Oh, sloe gin, how I love thee. You warm cockles that other spirits can only aspire to reach.
I’ve been sloe obsessed in recent years – identifying the best harvesting sites and drawing up plans for the annual battle with the birds – for when perfect picking conditions are reached the feathered assailants attack. As the sloes start to show signs of ripeness those plans fall into place, implemented with great vigour. I must get my annual sloe fix.
The secret, as I see it, is to pick when you think the sloes look nice and juicy, not just after the traditional first frost (a couple of hours in the freezer more than amply simulates that). That way you not only get a good harvest, but can get on with the gin making so that it’s ready in time for Christmas.
This particular batch has been fermenting for a few months now and I’ve just removed the sloes – having harvested a little as Christmas gifts a couple of months ago. If I can bear it I’ll let it mature for another few months before indulging further. However, given that March Cook Off is to be held at my place in the countryside, the gin may never make it into a second winter.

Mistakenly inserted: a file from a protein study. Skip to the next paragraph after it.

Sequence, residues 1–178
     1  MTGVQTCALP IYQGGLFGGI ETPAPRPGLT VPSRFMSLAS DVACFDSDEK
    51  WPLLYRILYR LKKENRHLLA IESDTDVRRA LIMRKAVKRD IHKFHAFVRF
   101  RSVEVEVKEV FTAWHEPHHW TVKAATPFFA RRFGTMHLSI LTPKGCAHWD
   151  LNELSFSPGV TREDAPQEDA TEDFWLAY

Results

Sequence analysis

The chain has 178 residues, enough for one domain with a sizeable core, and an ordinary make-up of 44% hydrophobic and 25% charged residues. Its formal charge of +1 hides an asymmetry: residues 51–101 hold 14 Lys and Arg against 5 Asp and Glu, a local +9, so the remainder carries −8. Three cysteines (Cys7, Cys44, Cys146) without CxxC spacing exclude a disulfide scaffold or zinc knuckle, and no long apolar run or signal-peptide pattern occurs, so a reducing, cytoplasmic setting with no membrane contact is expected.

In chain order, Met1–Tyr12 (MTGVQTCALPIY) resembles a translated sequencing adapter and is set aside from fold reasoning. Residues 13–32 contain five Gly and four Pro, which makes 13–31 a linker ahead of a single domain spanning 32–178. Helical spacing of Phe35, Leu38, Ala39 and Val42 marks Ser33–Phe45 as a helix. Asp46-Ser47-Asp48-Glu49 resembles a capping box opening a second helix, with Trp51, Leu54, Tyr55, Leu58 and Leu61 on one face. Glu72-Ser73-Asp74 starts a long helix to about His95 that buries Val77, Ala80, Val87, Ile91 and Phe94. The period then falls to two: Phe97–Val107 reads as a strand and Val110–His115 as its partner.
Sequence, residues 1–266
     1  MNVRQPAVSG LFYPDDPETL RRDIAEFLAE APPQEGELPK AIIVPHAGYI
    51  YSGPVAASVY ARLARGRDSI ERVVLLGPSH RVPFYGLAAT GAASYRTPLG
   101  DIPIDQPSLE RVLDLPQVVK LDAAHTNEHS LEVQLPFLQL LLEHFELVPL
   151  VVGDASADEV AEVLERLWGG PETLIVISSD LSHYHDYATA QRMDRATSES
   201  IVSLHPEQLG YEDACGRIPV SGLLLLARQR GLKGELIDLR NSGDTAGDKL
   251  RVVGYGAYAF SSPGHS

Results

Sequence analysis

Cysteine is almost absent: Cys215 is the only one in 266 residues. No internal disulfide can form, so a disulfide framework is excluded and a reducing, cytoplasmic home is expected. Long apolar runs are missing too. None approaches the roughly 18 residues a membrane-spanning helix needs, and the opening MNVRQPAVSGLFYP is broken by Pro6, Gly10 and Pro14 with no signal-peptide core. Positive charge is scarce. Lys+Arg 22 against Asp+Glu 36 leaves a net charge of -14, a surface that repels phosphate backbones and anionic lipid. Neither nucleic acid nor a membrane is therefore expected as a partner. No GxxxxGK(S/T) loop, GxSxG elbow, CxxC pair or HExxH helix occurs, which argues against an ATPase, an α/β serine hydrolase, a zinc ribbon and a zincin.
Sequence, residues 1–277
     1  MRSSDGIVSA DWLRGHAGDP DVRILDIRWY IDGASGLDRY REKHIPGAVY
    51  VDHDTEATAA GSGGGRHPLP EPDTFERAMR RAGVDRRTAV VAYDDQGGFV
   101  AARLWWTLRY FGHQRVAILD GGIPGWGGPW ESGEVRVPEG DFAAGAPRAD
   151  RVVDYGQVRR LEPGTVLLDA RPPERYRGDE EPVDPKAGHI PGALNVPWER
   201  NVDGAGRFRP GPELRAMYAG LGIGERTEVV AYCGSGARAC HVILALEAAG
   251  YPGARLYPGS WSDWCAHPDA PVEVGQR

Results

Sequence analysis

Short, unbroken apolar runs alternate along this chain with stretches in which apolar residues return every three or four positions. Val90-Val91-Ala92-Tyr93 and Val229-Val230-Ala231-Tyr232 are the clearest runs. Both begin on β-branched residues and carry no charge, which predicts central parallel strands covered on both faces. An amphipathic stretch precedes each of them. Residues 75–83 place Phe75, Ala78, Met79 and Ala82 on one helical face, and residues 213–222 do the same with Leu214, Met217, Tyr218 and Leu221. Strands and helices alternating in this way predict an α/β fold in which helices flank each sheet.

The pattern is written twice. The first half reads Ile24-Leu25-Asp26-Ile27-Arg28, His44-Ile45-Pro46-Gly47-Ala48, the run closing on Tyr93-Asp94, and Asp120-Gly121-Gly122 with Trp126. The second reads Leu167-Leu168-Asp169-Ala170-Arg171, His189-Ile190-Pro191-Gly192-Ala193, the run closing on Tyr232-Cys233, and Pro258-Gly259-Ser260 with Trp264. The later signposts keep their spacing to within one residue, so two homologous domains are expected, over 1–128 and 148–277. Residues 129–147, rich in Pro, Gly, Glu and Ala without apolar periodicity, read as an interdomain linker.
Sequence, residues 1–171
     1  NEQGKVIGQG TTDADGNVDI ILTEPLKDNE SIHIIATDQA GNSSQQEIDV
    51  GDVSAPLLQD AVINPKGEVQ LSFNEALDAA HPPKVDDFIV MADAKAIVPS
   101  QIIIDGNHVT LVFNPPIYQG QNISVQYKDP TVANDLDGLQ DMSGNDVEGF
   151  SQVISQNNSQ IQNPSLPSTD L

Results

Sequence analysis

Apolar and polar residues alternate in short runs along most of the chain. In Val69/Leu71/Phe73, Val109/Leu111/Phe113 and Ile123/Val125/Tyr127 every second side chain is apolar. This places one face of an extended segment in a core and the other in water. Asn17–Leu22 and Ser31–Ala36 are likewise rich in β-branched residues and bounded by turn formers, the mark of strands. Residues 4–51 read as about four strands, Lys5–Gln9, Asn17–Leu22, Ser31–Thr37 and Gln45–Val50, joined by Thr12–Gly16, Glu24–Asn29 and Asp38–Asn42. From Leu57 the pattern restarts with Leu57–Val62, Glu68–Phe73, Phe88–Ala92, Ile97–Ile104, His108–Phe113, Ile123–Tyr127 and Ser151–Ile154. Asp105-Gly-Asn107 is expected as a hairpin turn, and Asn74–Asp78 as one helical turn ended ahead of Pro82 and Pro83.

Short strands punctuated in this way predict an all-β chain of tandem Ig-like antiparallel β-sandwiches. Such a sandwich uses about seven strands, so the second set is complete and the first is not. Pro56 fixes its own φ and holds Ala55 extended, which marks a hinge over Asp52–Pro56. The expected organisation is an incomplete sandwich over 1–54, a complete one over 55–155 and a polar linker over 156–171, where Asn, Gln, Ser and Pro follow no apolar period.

The thing that most intrigues me with sloes is how their flavour is amazingly transformed with the addition of a little gin and sugar (OK, a lot, but you get my drift). From a cloying, bitter and desperately unpleasant fruit to something refined, deep in flavour and eminently drinkable it really is a miraculous thing.
Recipes are many and each afficionado will have their own opinions on the premier formula. The one below comes from my Mother-in-Law and for me, it’s the best I’ve ever tasted.
2 pints of gin
1 1/2 pints if sloes
350g lump sugar
A few drops of almond essence
Take a sealable jar of some sort – a demijohn or one of those le parfait ones works well and make sure it’s really clean.
Prick sloes all over and then bung in the freezer for a couple of hours to simulate a frost. Add sloes, gin, essence and sugar to your jar and shake every other day for a week or so until the sugar has dissolved. Store in a cool dark place for three months before drinking.
After three-ish months remove the sloes. The longer you let it mature the better it tastes…